Andrés: In order to do this the architect needs to have some business training, some legal knowledge as well as knowledge on advertising and marketing. Unfortunately, you don’t leave university with these aptitudes even though it is true that architecture ensures that you have a global vision for your projects. It is perhaps for this reason that we take on a higher level of responsibility than other professions. We also have the ability that, if we are told no, instead of getting angry we look for a similar solution, we are very flexible and have a certain ability to adapt. This is what allows us to evolve at the same time as our project depending on the circumstances.
In my opinion, architects have the basis to be able to take on our own project as well as something more concrete with in an architectural studio. Above all, you have to be very proactive, listen to clients and understand that the clients are the architects. All of these experiences are highly valued at Designable.
Following the 2008 crisis, the system changed and I don’t think many architects have realised that there is a new model. Those who had realised were the clients and they now don’t look for what they did before. This disruption to supply and demand will become increasingly clear.
You mean to tell us that you have a completely B2C focus and not at all B2B. That is to use some fancy business words…
Andrés: Exactly, we are not at all interested In B2B. We don’t want to work with any type of intermediary. We don’t commission anything which is something we make very cleat to our clients.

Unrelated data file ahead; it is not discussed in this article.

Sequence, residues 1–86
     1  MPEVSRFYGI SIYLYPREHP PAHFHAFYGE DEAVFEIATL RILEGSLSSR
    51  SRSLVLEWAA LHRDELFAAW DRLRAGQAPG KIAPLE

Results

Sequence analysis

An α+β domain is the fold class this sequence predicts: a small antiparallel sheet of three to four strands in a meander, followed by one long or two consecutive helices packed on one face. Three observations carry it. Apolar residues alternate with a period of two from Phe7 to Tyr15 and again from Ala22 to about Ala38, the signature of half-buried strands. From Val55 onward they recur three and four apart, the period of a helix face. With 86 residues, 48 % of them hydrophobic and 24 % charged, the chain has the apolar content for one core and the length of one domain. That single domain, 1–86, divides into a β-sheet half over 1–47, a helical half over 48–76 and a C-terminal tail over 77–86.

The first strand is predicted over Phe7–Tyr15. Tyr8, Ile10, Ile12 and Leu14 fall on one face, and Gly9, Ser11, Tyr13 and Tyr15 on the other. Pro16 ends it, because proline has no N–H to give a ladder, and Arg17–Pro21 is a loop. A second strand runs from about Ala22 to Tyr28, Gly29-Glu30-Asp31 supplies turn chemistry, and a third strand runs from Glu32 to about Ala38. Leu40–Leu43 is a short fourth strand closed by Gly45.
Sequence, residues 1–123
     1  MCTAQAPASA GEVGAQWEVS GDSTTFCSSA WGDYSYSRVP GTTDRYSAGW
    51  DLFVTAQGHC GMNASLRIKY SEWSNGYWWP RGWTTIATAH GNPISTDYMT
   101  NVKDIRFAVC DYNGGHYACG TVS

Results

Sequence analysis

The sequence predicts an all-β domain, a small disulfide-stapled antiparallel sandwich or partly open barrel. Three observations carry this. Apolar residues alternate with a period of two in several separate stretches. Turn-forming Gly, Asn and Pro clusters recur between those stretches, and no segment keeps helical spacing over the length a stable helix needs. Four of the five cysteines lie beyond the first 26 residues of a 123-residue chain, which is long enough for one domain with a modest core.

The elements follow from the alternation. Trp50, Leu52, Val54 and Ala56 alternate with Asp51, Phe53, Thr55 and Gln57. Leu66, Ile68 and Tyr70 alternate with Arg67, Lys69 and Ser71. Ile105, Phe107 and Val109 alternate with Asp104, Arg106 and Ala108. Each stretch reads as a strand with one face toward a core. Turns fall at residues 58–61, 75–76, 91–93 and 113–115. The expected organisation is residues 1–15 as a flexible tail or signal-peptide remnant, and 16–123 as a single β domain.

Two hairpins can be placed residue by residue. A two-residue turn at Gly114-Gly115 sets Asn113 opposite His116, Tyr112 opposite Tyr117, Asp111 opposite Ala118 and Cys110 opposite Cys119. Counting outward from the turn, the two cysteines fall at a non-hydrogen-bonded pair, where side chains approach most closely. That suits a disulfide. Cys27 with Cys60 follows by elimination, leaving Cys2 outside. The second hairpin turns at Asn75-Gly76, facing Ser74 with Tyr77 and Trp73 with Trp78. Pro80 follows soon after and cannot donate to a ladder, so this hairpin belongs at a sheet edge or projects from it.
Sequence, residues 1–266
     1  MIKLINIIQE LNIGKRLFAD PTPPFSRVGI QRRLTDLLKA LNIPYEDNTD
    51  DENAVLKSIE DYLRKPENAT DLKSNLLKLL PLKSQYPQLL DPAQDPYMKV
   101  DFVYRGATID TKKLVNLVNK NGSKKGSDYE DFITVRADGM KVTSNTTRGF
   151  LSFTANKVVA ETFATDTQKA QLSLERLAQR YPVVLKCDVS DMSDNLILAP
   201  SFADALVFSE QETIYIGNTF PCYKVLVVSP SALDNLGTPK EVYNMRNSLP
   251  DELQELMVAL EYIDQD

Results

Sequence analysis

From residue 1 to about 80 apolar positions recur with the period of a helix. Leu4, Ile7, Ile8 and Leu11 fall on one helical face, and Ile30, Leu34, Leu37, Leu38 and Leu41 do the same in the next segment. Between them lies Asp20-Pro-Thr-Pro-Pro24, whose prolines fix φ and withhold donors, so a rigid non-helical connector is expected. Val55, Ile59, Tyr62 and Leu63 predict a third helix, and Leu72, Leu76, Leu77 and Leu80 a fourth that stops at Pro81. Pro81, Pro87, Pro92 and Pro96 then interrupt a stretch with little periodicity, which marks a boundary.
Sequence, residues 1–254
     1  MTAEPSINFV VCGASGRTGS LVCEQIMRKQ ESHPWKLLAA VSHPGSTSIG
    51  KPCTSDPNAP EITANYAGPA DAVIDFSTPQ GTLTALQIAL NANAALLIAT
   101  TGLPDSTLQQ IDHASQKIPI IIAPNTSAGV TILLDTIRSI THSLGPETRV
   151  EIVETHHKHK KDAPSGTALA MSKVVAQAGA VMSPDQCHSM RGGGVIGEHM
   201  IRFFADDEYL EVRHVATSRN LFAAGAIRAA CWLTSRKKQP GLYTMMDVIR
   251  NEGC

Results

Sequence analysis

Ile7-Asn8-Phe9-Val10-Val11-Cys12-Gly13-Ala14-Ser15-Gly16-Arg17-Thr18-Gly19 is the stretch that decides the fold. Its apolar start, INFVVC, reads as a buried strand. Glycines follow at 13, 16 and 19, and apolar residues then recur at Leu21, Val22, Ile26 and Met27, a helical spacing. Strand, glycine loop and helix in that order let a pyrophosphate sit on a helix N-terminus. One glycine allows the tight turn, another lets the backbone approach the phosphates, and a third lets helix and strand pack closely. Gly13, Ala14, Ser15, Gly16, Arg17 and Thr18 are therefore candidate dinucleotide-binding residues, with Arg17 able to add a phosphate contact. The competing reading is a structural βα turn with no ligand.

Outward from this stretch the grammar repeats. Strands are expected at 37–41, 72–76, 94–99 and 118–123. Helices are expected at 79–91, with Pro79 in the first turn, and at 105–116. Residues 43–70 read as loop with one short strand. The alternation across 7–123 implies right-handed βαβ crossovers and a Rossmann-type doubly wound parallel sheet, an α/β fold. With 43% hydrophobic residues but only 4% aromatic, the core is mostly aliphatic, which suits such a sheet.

Something very interesting about Designable is the value that you place on community. In fact, in form that is on your website, you have the option for your an airport for drones on the roof top terrace…? Really?
Pablo: That isn’t even a joke. Speaking in Architectural terms, we work in three different dimensions. The private area, which is where you live and that you yourself design. The semiprivate area, which includes communal spaces that you share with your neighbours. Finally the public area: the external environment, the neighbourhood.
When we plan a building, we consider everything. Things like the legal and economic framework that allow us to, for example, build a drone airport on the roof. What we want to say is that the world is changing and, before long, we will need airports for drones: Amazon is already looking into this and it could be a reality in a few years! If this is the case, the neighbourhood community can meet and analyse the situation to see if a drone airport would work for them and then build it. The rooftop has already been reserved. It is true that people don’t really value these communal areas because they are seen as having no advantages, that is when we lose interest and forget about them.
Our approach is: what if we give them a use? Something that completes the building that we can all benefit from? For us this mix of spaces is what strengthens the attractiveness of this offer.